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You know what I hate about Apple computers? The precious keyboards. They look lovely, with their sleek designs and tiny little keys, but they absolutely kill my wrists and fingers. That’s why I plug a grimy old Goldtouch keyboard ($129 list when they made ‘em) into the MacBook Air that I use for work. I even take the weird-looking A-frame keyboard with me when I travel. It’s not an elegant-looking solution, but it’s a lifesaver.

I’ve dealt with typing-related RSI for decades. While I use voice recognition when I have to write something lengthy, it’s not the perfect tool to accomplish every task in every situation. Sometimes I need to hammer away on a keyboard, and when I do, the Goldtouch makes the experience far less painful. It’s split down the center, with a ball joint that lets me adjust the angle between the two halves as well as the height at the center. And the soft-touch keys just feel good to me. — Lewis Wallace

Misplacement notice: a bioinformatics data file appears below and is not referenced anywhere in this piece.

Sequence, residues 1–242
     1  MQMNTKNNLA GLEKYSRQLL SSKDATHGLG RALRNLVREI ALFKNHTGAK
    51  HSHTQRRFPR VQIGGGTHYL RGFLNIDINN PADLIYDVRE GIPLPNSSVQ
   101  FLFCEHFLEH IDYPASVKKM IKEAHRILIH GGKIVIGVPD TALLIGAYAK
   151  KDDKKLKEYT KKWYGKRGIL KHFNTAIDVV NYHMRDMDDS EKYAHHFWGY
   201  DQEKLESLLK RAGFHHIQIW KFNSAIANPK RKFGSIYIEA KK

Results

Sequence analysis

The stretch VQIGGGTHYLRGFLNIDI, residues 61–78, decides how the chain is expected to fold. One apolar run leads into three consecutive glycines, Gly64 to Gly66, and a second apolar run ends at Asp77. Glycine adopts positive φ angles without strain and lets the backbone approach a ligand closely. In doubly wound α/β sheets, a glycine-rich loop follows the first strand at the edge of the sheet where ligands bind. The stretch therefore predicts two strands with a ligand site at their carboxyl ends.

P.S. I haven’t tried the updated Goldtouch V2 ($115) or the company’s Go!2 Bluetooth mobile keyboard, but when ol’ faithful finally gives up the ghost, that’ll be my move.

Photo: Jim Merithew/Cult of Mac


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Garmin’s Sophisticated Vivofit Fitness Band Is Goal-Focused, Never Needs Recharging [CES 2014]

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I think fuchsia is your color. Photo: Eli Milchman

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LAS VEGAS — It was only a matter of time before the behemoths of the fitness world jumped into the fitness-band fight; although considering Garmin has been making wrist-borne fitness gadgets for ages (in the guise of their Forerunner line) one might have expected their new Vivofit to have arrived much sooner.